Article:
As you probably know, during a site investigation the United States Environmental Protection Agency (USEPA) inadvertently breached loose rocks that had been holding back drainage at the abandoned Gold King Mine near Silverton, Colorado.  As a result of the spill, more than 3 million gallons of acidic mine drainage containing metals such as manganese, zinc, copper and lead were released into Cement Creek, a tributary of the Animas River which eventually flows into the Colorado River.  The location of the Gold King Mine spill is about 850 miles upstream from the Colorado River Aqueduct intake at Lake Havasu. 

The San Diego County Water Authority  does not expect any adverse impacts to our water supply as a result of the Colorado mine spill and  has provided the following information to allay those concerns:

  • Lake Powell and Lake Mead will provide significant protection between the spill and the Metropolitan Water Districts’ (MWD) Colorado River Aqueduct intake at Lake Havasu.  It is anticipated that water quality constituents present in the mine discharge would be at background or non-detectable levels by the time supplies reach Metropolitan’s intake several years from now.
  • There is approximately 850 miles of river/reservoir area between the spill and the intake to the MWD system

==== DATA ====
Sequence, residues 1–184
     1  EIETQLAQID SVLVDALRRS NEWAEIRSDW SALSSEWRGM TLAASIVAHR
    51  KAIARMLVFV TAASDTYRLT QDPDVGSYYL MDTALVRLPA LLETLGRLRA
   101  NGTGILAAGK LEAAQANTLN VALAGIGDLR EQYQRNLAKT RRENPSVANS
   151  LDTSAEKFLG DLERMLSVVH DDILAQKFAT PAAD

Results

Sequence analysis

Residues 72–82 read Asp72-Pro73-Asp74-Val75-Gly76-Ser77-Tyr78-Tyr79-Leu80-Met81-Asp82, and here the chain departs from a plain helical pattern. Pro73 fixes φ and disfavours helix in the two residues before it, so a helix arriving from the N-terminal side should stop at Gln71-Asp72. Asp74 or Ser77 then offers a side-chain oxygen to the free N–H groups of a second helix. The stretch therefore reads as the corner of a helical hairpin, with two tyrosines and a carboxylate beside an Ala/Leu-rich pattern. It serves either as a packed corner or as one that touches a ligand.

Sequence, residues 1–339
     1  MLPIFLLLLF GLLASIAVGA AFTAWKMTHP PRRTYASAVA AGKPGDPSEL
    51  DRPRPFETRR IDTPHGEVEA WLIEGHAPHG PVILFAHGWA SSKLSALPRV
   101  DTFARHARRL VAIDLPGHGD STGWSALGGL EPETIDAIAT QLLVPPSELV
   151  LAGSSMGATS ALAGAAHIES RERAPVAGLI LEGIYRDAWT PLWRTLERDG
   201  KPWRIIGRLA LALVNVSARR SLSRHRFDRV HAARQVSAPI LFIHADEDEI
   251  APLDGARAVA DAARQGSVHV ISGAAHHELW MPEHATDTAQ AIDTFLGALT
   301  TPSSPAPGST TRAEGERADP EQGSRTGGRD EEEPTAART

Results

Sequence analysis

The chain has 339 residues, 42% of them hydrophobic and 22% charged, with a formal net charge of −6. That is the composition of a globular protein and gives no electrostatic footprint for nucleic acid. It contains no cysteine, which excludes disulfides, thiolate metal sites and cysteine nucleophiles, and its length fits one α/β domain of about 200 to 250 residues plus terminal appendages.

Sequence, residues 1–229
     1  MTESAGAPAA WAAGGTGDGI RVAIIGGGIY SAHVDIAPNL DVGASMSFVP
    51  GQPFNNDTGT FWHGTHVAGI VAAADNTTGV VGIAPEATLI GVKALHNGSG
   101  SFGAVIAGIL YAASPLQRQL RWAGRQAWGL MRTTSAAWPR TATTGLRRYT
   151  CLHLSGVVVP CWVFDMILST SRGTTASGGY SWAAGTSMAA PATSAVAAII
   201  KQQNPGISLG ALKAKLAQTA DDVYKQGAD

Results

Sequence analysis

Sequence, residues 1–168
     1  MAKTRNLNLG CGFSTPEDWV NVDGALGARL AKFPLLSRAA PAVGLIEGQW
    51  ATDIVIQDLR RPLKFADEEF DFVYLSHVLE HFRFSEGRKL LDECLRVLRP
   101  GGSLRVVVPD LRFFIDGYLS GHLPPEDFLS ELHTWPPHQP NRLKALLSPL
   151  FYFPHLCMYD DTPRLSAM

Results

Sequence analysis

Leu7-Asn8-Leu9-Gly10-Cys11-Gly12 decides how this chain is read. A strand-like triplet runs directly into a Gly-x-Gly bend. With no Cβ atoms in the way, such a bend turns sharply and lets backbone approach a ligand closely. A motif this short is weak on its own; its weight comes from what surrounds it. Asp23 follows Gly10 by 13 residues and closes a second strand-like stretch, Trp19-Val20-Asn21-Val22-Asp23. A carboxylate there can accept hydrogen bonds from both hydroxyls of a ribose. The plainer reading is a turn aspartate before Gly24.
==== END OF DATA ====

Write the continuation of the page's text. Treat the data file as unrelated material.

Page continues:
• In addition, the Colorado River Aqueduct is approximately 242 miles long
  • There are tens of billions of gallons in storage and along the various rivers that will serve to dilute the spill prior to reaching San Diego County
  • There will be long detention times associated with Lake Mead and Lake Powell
  • It could take several years before any of the spill water reached our system, if at all, due to the large amount of water and distance between the spill and our service area
  • Water quality constituent levels are expected to be at normal levels prior to reaching the intake at Lake Havasu
  • USEPA, state and federal agencies, as well as numerous downstream water utilities will sample, report constituent levels and monitor the impacts to source water well in advance of any of that water reaching our service area
  • This is likely to be one of the most monitored spill response efforts in memory
  • There are numerous treatment and operational responses that can be taken to respond to, and mitigate, any potential risk to our water supply.
  • The San Diego County Water Authority will continue to monitor  response efforts as well as continue to sample our water for metals and other potentially harmful constituents (they sample our water quality within the aqueduct in real-time at several locations, pull grab samples on a weekly basis, and conduct additional reservoir water quality sampling monthly).  They also receive water quality reports directly from Metropolitan Water District and monitor flows 24/7 thru their Escondido Operations Center.
  • USEPA is containing and treating ongoing drainage from the mine site.  USEPA also is conducting ongoing monitoring, both through water quality sampling and visual observations, and continuing to coordinate with all affected parties, including water users.  Water quality data reports and updated response activity information is published on-line at
  • Metropolitan will continue to regularly monitor its source water supplies for metals and other potentially harmful constituents.  We also are coordinating with our upstream Colorado River partners to assess any impacts of this event.